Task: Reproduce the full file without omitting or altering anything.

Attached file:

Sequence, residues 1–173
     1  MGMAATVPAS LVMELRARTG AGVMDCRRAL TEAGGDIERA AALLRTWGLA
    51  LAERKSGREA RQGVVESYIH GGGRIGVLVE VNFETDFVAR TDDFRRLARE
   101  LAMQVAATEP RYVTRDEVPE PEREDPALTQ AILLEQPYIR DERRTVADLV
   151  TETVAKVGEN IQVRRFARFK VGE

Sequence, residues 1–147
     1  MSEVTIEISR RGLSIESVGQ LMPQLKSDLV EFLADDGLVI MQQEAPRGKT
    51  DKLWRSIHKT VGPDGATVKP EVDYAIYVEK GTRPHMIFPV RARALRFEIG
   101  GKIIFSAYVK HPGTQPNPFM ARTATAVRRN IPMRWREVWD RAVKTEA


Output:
Sequence, residues 1–173
     1  MGMAATVPAS LVMELRARTG AGVMDCRRAL TEAGGDIERA AALLRTWGLA
    51  LAERKSGREA RQGVVESYIH GGGRIGVLVE VNFETDFVAR TDDFRRLARE
   101  LAMQVAATEP RYVTRDEVPE PEREDPALTQ AILLEQPYIR DERRTVADLV
   151  TETVAKVGEN IQVRRFARFK VGE

Sequence, residues 1–147
     1  MSEVTIEISR RGLSIESVGQ LMPQLKSDLV EFLADDGLVI MQQEAPRGKT
    51  DKLWRSIHKT VGPDGATVKP EVDYAIYVEK GTRPHMIFPV RARALRFEIG
   101  GKIIFSAYVK HPGTQPNPFM ARTATAVRRN IPMRWREVWD RAVKTEA